the depauw | opinion



THE DEPAUW | Editorial Board Chase Hall | Editor-in-Chief Dana Ferguson | Managing Editor Ellen Kobe | Managing Editor Stephanie Sharlow | Chief Copy Editor


Will Starbucks fit in, bring together small community? The impending new bookstore and Starbucks coffee shop, to be located in the town square, are meant to do more than sell fancy coffee drinks. After plenty of research and a hefty Stellar Community Grant, both the DePauw and the Greencastle communities have worked to draw students into the square and to make Greencastle more accessible to students. The idea to use a large business, such as Starbucks, as an anchor store to promote the city’s economy is a smart move, and surely well-researched by the university. The idea is that this large Starbucks and bookstore will bring students out into the community for coffee or potential study spots. And while they’re out in Greencastle they will be drawn to other businesses. Why not grab a coffee while you’re studying and then meet friends for dinner at one of the restaurants on the sqaure. Starbucks — an anchor location to get students out to the square — makes traveling outside of campus more convenient. This tactic is smart. On a campus where a walk to class is rarely over seven minutes, many of us may not think about walking into town. After all, it is easy to contain our whole lives on DePauw’s tiny campus. But, like other small college towns, should not be contained solely on said campus. Not only could this new business enrich our experience, it could improve the economy and town-gown relations. We hope that Starbucks provides more jobs for Greencastle residents. From talk around campus, it’s clear that some in the DePauw community are concerned that a large corporation like Starbucks may negatively affect the small businesses that hold a sentimental place in our hearts. Our hope is that by encouraging more people traffic in downtown Greencastle, Starbucks will actually boost the frequency of customers as these businesses. The university and the community should continue to evaluate the success of Starbucks — and not it’s individual success. If ever the anchor store is not fulfilling its duty — if instead of promoting business it is taking away business — we hope the university and the community will take notice and take immediate action to remedy it. The new Starbucks should be seen as an experiment, not a permanent fixture. But overall, it is heartening to see such immediate change from the Stellar Community Grant taking place in collaboration with DePauw. There is no reason our two “worlds” should stay separated. We all call Greencastle home, even if only for a short while, and interacting in a home base of sorts will bring us together and improve the town in which we live. — Chase Hall did not contribute to this editorial because he wrote the story “Starbucks, new bookstore to serve downtown as anchor.” email us at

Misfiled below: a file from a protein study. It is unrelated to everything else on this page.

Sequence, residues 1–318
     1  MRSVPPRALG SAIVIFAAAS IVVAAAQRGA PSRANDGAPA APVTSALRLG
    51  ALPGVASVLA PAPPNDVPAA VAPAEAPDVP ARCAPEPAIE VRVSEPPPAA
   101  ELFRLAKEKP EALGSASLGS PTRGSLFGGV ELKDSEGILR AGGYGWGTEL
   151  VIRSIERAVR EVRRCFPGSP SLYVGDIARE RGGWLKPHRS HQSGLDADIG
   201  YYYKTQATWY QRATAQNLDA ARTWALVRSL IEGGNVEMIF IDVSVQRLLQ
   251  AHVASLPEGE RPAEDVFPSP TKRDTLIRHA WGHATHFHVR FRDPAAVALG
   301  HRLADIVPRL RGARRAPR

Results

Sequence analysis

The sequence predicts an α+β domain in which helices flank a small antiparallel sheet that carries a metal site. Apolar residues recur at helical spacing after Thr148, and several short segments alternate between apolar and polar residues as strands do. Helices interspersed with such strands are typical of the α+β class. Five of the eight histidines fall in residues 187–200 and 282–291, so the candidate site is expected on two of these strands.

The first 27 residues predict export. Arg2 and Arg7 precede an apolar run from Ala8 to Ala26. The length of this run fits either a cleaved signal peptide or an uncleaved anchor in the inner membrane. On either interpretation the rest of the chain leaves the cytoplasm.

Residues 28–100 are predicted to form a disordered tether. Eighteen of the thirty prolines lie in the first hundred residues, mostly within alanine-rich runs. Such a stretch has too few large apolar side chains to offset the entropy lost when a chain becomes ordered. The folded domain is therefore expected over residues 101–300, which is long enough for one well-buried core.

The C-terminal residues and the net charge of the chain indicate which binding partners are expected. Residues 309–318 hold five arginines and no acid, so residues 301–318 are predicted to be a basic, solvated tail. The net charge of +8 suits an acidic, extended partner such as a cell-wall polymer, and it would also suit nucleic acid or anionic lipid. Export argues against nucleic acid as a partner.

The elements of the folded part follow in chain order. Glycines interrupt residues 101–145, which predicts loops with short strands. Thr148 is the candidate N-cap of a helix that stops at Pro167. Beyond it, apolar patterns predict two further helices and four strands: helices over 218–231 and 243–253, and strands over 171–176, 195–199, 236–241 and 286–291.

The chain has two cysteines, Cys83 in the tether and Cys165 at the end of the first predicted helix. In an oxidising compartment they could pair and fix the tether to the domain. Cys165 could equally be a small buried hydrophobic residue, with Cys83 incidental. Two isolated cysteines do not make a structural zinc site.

EDITORIAL POLICY The DePauw is an independently managed and financed student newspaper. The opinions expressed herein do not necessarily reflect those of DePauw University or the Student Publications Board. Editorials are the responsibility of The DePauw editorial board (names above). The opinions expressed by cartoonists, columnists and in letters to the editor are those of the authors and do not necessarily reflect the opinions of the editorial staff of The DePauw.